Food and Drug Administration officials have apologized to a Fircrest couple after two news organizations, quoting unnamed FDA sources, reported that a syringe found in a Diet Pepsi can at the couple's home may have belonged to a diabetic relative, according to the couple's attorney.
FDA officials say they don't know where the report originated, while the couple's attorney, Frank Ladenburg, says the case can't be explained away as an accident or a mistake.
The reports by The Los Angeles Times and CBS-TV raised the possibility that a diabetic relative was the source of the syringe that Earl and Mary Triplett, 82 and 79, say they found in a can of Diet Pepsi last week.
Ladenburg confirmed last night that the Tripletts' daughter has a mother-in-law who is diabetic. Many diabetics use such syringes for insulin injections. But Ladenburg said the mother-in-law was last in the Tripletts' apartment 11 years ago and was in a hospital when the syringe was found.
The FDA, says Ladenburg, called the Tripletts to apologize for the reports and denied knowledge of their origin.
"I'm bothered by the fact that this has started with the premise that it must have been a mistake and it could not have happened," Ladenburg said last night. "It's clear to me Pepsi doesn't want this to be true."
Whatever happened to that can of soda, it struck a national nerve, but yesterday the FDA reiterated its belief that not one of more than 60 tampering reports, in nearly half the nation's states, can be proved. Arrests for alleged false reporting continued yesterday.
"Reports of tampering breed additional reports," said FDA chief David Kessler in Washington, D.C. "It is a vicious cycle."
The cycle started in Fircrest.
Ladenburg said he "absolutely" believes the Tripletts' story. "These people aren't the kind of people that would make things up," he said.
The Tripletts' daughter, Marilyn Larkin, has a mother-in-law who is diabetic, the lawyer said. But the mother-in-law was last in the Tripletts' apartment 11 years ago for the couple's 50th wedding anniversary and was in a hospital when the contaminated can was found. Ladenburg also said Larkin insists she did not take a can of Pepsi into her parents' home.
Larkin, 60, told the lawyer she picked up her parents on June 8 upon their return from a cruise and dropped them off at home. She told him she did not go into the apartment and was not drinking Diet Pepsi.
That night, Earl Triplett took a can from a 24-pack of Pepsi, poured half in his wife's cup and drank the other half with a straw, Ladenburg said. Neither apparently noticed it was Diet Pepsi, not regular Pepsi. Last week the Tripletts told reporters the Diet Pepsi can mysteriously came in the pack of regular Pepsi, their drink of choice.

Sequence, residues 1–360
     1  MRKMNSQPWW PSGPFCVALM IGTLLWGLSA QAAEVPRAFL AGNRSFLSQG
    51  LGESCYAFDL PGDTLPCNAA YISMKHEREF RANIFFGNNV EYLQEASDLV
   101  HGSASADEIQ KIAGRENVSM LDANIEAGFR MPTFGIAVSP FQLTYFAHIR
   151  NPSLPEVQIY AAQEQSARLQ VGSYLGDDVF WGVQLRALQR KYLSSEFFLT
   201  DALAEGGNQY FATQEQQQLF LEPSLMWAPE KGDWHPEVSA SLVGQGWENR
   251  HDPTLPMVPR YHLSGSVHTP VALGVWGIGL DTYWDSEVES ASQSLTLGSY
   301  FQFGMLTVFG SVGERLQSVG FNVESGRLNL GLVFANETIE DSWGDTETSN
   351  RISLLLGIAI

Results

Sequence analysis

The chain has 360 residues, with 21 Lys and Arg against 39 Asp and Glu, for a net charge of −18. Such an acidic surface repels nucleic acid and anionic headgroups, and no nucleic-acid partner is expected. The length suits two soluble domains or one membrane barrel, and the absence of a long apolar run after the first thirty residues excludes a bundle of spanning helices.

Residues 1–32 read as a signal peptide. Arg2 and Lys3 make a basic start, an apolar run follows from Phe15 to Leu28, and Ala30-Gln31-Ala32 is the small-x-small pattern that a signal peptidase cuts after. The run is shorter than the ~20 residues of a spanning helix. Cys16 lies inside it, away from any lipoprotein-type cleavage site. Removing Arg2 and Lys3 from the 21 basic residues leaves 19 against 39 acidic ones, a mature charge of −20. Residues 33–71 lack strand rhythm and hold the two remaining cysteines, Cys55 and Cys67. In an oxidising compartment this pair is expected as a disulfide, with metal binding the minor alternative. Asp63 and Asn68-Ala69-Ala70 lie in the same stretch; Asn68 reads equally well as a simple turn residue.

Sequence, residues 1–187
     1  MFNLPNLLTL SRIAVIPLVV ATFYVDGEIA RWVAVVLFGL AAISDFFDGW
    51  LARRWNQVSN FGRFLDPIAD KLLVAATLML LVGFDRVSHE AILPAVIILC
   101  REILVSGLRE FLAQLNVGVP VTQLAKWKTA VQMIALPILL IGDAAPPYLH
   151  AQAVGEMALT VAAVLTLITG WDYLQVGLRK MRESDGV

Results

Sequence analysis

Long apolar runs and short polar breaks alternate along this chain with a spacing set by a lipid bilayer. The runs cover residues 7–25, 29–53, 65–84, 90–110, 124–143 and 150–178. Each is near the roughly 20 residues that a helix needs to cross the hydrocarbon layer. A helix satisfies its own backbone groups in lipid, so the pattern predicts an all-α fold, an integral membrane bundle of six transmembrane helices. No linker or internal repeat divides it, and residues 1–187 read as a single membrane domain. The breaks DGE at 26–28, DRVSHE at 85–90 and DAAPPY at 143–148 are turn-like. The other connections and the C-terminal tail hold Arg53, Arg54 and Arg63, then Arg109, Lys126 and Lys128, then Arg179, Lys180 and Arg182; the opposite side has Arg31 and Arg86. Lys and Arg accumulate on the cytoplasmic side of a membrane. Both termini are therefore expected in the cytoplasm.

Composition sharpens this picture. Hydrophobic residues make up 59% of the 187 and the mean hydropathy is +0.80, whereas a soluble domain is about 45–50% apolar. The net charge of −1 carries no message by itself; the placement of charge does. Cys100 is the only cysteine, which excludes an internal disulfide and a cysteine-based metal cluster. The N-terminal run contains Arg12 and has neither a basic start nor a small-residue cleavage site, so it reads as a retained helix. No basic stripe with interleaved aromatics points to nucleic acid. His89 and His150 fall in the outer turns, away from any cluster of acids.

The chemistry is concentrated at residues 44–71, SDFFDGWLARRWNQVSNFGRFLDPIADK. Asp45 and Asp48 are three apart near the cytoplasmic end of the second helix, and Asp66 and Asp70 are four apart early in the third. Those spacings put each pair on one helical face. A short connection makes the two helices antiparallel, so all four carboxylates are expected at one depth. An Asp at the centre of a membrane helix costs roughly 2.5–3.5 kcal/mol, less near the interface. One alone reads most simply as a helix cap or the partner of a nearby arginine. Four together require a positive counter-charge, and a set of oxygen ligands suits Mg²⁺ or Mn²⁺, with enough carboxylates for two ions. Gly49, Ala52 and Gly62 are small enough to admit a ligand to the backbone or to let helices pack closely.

The next morning Earl Tripplett picked up the can from the counter to look for a contest word inside and found the syringe.
Ladenburg said FDA officials, who have been to the Tripletts' house twice, recovered all the opened cans - being saved for recycling - and unopened cans. He said they found all 24 - 23 regular Pepsi and one diet Pepsi.
The couple insists no one else came into their apartment after they came home from their trip. And, Ladenburg said, the only person who had the key would have been the apartment manager.
Francis Click, the manager, last night said he has not been in the Tripletts' apartment for years.
In the Los Angeles Times story, sources were quoted as saying investigators determined that Larkin's mother-in-law could have placed the syringe in the soda can as a protective measure before disposing of it, which the newspaper said is a recommended procedure.
But Andrea Seidler of the Washington affiliate of the American Diabetic Association said disposal of a syringe in a pop can is not recommended because it could lead to an accident. A child might try to take a drink, for example.
Instead, syringes should be disposed of in some sort of container that can be re-sealed, like a coffee can, or in a clear pop bottle, and then labeled to warn people, Seidler said.
As for the link to Larkin's diabetic mother-in-law, an FDA spokesman in Seattle, Alan Bennett, last night said he could not confirm it, "and we have talked to D.C."
To his knowledge, nothing has changed in the Triplett case.
"We don't want to get into the idea of speculation. . . . We want to make sure that we do have it all together and we know what happened," Bennett said. "As soon as we can determine what's going on, I'm sure we'll come out with it."
Said Ladenburg: "I would hate to think this could happen and then see it all go away" with an explanation that it was just a mistake.
Earl Triplett, contacted at his Fircrest apartment, said he and his wife, Mary, are no longer giving interviews.
"I have nothing to say," he said before closing the door.